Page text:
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Confident future

David Whiteley, Head of Sales and Solutions at Integral believes that in a changed world the prime remit of the facilities management sector will be in delivering confidence in the post-COVID workplace

A new frontier of work awaits and 2022 will be a pivotal year for the FM profession. Whilst the UK government has now set out its plans for ‘living with COVID’, including changes to the rules around testing and self-isolating, businesses meanwhile have been developing their own post-COVID property and workplace strategies, and they will need facilities managers to help guide them through this challenging period.

First and foremost, FM teams will play a crucial role in helping rebuild confidence in workplaces by showing employees that they are both safe and able to support their changing needs in an increasingly hybrid work environment. Last year, a JLL global survey of more than 3,300 office workers(i) found that 63 per cent of the workforce want to keep the possibility to alternate between different places of work in the future, with the majority wanting a mix – three days a week in the office and two days a week working remotely on average.


The new dynamics of hybrid work, including far greater fluctuance in building occupancy rates, will significantly impact the infrastructure, systems, and services that facilities managers oversee. They will also give FM professionals a critical role in an increasingly competitive talent attraction and retention landscape.

Recently, media reports sparked fears of a ‘Great Resignation’ sweeping the world. One survey by recruitment firm Randstad UK(ii) found almost a quarter of employees planning to find a new job within six months, while the Office for National Statistics(iii) revealed that nearly a million UK workers switched jobs between July and September 2021.

Many commentators claim the factors driving these numbers are unsurprising: stress caused by the pandemic, the shift to remote working, and the impact on work-life balance. And there’s certainly evidence to back these conclusions. According to the JLL research, 36 per cent of global workers, spanning all industries, lack energy while working and struggle to remain motivated and engaged in their job — heaping the pressure on facilities managers to devise a hybrid work strategy that meets their employees’ changing needs and manages the transition to new ways of working effectively.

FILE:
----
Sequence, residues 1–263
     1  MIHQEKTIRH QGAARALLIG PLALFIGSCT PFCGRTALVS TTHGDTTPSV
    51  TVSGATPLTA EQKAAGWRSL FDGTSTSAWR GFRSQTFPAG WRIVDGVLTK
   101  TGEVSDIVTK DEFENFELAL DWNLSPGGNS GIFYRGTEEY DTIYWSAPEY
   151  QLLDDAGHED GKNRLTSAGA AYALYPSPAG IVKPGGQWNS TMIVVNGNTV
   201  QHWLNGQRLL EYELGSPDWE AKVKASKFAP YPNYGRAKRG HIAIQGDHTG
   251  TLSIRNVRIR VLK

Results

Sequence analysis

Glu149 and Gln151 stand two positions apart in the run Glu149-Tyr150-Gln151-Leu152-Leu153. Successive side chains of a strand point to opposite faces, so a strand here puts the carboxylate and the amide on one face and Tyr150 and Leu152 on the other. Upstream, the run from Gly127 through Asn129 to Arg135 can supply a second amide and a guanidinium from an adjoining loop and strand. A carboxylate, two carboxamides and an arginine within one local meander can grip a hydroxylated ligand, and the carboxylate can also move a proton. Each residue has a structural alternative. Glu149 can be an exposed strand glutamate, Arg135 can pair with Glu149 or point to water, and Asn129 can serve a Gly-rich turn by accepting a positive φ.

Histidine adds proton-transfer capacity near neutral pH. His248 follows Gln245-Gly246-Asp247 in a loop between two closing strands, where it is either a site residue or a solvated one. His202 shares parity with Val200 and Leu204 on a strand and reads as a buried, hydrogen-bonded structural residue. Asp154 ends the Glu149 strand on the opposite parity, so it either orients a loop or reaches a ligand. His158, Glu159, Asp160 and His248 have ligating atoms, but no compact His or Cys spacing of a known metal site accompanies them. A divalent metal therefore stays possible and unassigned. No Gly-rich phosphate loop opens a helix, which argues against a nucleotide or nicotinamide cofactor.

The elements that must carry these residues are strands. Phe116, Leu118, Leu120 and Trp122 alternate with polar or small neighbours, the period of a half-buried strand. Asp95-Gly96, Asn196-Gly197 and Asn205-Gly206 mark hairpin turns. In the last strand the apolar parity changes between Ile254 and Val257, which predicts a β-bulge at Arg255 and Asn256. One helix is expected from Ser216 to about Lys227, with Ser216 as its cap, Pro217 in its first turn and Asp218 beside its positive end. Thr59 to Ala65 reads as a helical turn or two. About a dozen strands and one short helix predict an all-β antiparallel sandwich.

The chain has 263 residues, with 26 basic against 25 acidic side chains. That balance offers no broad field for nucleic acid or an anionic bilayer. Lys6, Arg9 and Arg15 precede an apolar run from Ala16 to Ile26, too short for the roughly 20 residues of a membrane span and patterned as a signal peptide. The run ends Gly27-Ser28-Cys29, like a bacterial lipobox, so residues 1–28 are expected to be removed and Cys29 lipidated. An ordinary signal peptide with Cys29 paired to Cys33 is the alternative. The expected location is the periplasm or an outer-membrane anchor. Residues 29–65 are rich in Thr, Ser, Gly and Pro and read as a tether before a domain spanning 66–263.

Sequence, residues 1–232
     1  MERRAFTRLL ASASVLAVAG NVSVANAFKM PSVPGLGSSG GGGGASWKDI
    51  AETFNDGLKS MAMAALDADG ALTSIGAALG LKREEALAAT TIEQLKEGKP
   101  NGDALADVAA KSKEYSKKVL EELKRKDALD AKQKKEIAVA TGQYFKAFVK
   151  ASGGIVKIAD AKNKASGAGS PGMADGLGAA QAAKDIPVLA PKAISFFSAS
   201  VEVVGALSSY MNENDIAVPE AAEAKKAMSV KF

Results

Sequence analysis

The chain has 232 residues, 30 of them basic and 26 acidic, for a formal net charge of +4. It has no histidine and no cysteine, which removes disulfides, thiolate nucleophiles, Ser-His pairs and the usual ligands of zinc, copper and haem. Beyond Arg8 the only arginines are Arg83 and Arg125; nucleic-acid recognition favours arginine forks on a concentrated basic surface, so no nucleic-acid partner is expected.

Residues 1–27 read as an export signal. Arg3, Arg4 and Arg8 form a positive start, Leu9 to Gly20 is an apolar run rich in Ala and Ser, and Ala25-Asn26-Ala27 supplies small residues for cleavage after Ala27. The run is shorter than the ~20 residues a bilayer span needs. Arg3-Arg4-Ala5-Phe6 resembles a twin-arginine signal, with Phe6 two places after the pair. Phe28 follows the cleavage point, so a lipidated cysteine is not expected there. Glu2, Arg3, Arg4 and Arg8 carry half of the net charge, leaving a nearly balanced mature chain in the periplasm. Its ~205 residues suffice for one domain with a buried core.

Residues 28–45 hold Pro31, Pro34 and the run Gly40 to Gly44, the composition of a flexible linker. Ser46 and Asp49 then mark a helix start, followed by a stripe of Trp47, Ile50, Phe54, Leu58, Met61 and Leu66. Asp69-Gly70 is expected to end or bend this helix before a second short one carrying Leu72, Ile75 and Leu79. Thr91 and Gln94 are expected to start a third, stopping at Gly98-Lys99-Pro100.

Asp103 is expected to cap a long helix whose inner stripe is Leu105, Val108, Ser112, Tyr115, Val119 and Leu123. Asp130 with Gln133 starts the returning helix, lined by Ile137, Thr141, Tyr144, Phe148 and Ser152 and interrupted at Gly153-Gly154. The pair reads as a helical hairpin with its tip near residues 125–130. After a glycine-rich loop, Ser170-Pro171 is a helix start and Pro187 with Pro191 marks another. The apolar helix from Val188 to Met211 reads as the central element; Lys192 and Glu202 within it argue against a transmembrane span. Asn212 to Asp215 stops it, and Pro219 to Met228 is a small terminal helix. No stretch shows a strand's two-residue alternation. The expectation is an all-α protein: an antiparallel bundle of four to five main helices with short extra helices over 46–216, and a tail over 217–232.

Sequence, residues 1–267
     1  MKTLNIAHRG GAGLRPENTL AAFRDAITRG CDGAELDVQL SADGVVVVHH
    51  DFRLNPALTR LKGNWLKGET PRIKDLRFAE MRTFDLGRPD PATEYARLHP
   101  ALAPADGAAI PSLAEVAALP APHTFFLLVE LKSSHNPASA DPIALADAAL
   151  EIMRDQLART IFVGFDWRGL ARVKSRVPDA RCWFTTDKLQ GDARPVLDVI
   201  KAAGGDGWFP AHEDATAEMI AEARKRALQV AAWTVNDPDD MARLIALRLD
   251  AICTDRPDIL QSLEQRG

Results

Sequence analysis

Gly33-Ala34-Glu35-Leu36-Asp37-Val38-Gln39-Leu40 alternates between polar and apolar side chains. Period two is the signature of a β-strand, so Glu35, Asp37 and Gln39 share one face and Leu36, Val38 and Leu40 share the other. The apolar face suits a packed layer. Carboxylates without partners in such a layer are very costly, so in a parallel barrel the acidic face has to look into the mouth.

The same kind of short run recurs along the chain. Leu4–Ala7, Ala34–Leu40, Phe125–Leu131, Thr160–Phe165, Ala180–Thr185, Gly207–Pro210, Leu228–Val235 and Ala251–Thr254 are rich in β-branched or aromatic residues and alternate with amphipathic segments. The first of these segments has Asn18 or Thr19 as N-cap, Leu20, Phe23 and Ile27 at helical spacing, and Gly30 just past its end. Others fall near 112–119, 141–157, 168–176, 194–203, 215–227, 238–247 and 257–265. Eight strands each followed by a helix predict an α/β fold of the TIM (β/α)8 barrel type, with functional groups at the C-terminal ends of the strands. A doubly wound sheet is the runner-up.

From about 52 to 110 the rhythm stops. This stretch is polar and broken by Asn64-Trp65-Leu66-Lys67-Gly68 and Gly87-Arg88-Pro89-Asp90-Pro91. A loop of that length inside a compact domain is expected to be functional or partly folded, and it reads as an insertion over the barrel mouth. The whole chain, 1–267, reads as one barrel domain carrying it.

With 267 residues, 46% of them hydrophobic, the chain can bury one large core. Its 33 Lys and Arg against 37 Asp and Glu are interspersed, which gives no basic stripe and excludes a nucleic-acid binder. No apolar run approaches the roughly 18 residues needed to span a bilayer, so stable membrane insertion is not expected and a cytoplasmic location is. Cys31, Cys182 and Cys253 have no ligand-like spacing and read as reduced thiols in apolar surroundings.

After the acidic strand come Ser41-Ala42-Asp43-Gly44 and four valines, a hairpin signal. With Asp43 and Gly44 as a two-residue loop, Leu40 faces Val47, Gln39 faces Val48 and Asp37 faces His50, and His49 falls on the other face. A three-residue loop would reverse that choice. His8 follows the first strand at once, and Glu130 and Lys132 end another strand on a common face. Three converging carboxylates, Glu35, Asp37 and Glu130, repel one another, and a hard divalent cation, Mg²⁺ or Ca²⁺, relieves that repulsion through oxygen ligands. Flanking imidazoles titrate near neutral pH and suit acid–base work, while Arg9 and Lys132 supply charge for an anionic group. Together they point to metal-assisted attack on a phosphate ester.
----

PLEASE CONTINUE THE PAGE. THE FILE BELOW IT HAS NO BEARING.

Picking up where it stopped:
Growing appetite for speed, flexibility and agility is also driving the need for more ‘on-demand’ services and the technology to support new working patterns, providing FM with an opportunity to transform core services such as M&E. As an example, cutting-edge smart engineering practices can leverage real-time asset data to give facilities managers a better understanding of how building services can be more effectively controlled in a hybrid work environment.


Another top priority for companies in 2022 is sustainability. COP26 showed that businesses are now outpacing policymakers on net zero commitments by setting targets for 2050 or sooner in response to growing demand from customers, investors, employees, and communities.

The built environment contributes around 40 per cent of global carbon emissions, providing facilities managers with another opportunity to drive change and lead any decarbonisation efforts. The net zero journey is long, but every initiative must begin with a thorough understanding of a building’s carbon output and its assets’ performance. Again, smart engineering can track energy consumption data from equipment, lighting, and energy meters within a single system, giving businesses a clear sustainability baseline for active process improvement as well as future strategic asset management.

Of course, there’s more to sustainability than decarbonising buildings. The pandemic has highlighted the urgent need to create regenerative workplaces(iv) that support mental, social, and physical health. As evidence, employee demand for better indoor air quality at work has grown exponentially since the beginning of the pandemic, while groups such as the British Council for Offices and the Royal Academy of Engineering have called for better ventilation in the UK’s building stock.

Better indoor air quality would not only stop viruses from spreading but would also help employees feel more productive, energised, and engaged at work. From the facilities manager’s point of view, this creates the potential to make a difference through installing smart environmental controls that can adjust factors such as lighting, heating or humidity in real time, especially useful for any businesses attempting to implement a hybrid working model.

Facilities management has the skills and tools to establish itself as an organisational leader in 2022. Whether the switch to hybrid working, the net zero journey or employee wellbeing, FM can become the change agent that businesses need in the new world of work.

About Sarah OBeirne

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